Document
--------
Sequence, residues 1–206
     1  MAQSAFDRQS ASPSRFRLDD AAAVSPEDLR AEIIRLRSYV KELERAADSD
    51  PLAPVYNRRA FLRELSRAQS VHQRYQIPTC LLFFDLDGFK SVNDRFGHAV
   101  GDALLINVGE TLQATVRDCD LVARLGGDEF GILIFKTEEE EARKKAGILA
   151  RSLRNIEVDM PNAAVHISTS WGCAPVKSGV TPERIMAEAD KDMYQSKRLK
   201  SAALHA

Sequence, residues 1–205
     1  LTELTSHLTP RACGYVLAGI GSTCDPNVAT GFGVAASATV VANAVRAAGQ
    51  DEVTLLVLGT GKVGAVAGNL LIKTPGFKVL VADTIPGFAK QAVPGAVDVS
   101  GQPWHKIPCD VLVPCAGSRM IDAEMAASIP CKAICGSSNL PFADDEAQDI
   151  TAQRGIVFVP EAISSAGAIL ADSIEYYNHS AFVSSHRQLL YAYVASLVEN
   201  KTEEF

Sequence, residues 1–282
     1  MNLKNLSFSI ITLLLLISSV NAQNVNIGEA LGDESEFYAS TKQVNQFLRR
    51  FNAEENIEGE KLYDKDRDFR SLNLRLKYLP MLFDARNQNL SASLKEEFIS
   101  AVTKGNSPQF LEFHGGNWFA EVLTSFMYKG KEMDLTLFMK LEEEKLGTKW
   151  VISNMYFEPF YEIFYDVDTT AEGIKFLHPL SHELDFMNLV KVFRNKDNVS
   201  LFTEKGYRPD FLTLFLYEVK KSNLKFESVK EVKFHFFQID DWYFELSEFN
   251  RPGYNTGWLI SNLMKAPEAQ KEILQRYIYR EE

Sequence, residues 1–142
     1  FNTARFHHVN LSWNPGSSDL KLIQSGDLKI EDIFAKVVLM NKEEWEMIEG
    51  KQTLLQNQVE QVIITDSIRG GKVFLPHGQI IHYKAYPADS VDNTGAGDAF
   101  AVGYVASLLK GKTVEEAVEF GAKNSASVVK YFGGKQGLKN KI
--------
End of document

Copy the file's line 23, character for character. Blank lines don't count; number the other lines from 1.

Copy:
   101  AVGYVASLLK GKTVEEAVEF GAKNSASVVK YFGGKQGLKN KI